This is absolutely so true. You are so right. Some ADN programs have pre-req requirements that rival bachelor's degrees. Others don't. The list goes on and on.

    There is no set standard by which you can judge one over the other, because all of the standards are different. Do you judge by NCLEX pass rates? Do you judge by credit hours? Clinicals? Who knows what the best criteria is? In that sense, the argument is futile, but will probably continue regardless.

    BTW, I don't think my school is all that great. I'm not trying to argue that at all. In fact, my school is probably about average. But I'll take it over the above mentioned BSN program. That low NCLEX pass rate scares the hell outta me, which is why I chose ADN.

    :chuckle
    Last edit by Sheri257 on Apr 21, '04
  8. by   orrnlori
    The low rate of pass should scare you. There are huge deficiencies in that program right now if it's pass rate is 70%. It will tighten up it's ship or it will be lost when the CCNE comes down on it, which will happen.
  9. by   JMP
    I graduated from a three year diploma RN program three years ago and will finish my BSN this December. I live and work in Ontario, Canada. I do not "need" my BSN to work. I wanted it. However, since I graduated from a diploma program and I am finishing up my BSN I wanted to comment.

    The oppression in nursing is strong....past and certainly present. The fact that this "argument" about what is better and why is definite proof we need to standardize the programs....... in my opinion. Oppression creates horizontal violence and most nurses practice it without ever knowing or understanding what it is and more importantly why it is a problem. We need to first accept that we are all coming from diffferent programs, but going to the same place....professional practice.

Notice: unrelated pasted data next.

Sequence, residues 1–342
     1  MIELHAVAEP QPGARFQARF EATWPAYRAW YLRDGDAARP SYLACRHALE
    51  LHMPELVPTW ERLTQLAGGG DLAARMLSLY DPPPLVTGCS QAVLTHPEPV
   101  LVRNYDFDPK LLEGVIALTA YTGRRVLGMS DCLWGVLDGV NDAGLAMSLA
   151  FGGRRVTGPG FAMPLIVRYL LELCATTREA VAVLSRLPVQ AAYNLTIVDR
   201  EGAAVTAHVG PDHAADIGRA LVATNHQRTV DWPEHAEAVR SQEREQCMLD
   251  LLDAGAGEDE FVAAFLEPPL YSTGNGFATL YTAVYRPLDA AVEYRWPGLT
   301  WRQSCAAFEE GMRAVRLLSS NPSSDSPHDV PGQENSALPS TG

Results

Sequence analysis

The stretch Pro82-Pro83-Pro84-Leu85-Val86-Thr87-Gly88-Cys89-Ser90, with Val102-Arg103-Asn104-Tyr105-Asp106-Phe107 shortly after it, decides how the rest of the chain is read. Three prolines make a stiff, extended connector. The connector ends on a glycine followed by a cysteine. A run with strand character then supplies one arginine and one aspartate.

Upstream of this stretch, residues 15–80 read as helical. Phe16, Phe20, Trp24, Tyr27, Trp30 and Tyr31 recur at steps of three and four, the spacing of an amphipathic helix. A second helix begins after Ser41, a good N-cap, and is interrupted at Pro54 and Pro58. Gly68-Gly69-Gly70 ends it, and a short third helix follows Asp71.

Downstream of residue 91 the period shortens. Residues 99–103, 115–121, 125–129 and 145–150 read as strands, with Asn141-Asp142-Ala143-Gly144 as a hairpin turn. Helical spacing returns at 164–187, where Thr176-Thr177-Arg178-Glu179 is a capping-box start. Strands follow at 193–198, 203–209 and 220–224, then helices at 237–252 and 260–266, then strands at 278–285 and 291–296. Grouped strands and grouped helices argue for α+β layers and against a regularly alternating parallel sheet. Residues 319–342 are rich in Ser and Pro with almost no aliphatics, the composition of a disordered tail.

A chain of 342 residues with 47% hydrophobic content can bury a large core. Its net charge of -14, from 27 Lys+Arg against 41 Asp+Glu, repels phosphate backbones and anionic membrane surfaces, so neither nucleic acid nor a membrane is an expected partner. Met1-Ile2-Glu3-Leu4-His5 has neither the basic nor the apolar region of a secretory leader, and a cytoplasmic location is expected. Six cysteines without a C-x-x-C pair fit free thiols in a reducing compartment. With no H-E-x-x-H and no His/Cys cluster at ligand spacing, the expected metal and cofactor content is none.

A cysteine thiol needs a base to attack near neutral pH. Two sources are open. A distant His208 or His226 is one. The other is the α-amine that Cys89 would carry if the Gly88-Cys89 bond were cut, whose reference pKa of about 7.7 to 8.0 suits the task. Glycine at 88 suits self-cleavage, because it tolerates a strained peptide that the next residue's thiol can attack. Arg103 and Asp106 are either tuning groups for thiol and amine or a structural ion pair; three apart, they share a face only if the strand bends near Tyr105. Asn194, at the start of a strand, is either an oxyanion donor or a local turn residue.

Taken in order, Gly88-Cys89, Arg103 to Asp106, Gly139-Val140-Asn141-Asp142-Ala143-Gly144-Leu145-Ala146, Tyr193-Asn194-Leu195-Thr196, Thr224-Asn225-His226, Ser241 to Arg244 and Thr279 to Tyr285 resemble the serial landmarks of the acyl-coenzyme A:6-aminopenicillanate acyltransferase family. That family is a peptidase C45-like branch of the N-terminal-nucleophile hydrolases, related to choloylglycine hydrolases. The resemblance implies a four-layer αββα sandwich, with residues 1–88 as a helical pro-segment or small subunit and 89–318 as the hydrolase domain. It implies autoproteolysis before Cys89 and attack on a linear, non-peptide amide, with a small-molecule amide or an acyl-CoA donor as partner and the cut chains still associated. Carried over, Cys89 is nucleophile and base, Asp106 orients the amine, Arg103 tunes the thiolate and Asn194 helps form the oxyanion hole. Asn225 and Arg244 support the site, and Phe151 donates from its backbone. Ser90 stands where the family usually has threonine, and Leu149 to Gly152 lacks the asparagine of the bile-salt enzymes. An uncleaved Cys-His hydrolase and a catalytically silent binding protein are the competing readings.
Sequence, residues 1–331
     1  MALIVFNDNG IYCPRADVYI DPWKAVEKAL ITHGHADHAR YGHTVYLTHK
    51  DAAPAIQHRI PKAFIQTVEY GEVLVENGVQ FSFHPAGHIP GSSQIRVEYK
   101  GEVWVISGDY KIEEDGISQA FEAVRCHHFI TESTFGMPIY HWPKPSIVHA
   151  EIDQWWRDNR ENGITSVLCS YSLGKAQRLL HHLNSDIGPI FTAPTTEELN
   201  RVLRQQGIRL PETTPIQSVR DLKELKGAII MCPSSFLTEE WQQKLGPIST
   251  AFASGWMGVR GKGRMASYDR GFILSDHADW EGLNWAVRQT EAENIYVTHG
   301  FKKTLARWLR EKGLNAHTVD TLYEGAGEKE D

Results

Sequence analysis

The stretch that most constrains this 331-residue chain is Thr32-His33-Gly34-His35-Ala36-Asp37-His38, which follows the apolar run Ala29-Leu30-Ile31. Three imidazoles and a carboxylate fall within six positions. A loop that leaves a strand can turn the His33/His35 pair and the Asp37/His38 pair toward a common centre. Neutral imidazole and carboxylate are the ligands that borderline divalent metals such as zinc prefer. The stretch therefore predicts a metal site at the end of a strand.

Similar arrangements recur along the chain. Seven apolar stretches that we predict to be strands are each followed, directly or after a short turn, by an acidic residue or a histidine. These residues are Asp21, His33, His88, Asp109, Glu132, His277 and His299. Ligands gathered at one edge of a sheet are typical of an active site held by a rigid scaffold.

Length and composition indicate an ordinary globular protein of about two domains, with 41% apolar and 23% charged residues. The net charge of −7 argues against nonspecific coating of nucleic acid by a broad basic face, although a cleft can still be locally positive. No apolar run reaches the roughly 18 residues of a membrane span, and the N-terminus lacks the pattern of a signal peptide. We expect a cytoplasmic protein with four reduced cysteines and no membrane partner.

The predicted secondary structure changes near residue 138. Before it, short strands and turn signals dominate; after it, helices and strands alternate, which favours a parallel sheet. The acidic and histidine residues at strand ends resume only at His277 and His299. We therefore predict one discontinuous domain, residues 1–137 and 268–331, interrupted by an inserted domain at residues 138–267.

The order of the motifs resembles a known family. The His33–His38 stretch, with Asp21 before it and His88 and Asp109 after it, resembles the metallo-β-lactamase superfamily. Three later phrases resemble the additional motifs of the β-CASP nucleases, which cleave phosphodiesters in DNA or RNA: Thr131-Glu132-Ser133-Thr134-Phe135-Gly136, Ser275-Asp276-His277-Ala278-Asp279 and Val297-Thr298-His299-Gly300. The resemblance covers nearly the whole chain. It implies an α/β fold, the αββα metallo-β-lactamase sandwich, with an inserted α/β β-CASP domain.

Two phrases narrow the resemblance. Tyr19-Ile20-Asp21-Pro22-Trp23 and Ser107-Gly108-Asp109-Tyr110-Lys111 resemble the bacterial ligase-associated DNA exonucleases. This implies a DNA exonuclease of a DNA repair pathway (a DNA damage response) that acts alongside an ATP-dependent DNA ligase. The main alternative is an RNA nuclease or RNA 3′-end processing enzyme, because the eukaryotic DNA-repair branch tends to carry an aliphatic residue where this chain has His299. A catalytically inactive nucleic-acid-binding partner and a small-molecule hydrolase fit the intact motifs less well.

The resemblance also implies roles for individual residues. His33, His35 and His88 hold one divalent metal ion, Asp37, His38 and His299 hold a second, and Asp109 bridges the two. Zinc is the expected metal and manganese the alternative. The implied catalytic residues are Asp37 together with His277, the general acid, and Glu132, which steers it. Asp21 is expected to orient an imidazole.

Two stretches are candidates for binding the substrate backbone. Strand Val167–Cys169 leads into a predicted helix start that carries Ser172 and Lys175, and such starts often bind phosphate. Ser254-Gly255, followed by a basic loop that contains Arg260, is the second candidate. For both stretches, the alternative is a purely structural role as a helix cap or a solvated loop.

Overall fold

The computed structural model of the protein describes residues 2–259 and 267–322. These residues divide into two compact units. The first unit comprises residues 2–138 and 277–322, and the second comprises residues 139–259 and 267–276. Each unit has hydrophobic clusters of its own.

Having a BSN for entry to pratice only means that now, as nurses we are on the same footing going into practice as dietians, pharmacists, OT, PT, and many other professionals who ALL require a basic degree to practice. Nothing wrong with it. It just means standardization.

    The nursing shortage has been created by hositle, oppressive workplaces that burn out nurses....... there are lots of nurses out there, but they are not practicing. The answer is creating positive, empowering enviroments where nurses can learn and grow....education is one of the ways to create these enviroments.

    JMP
  10. by   LKRN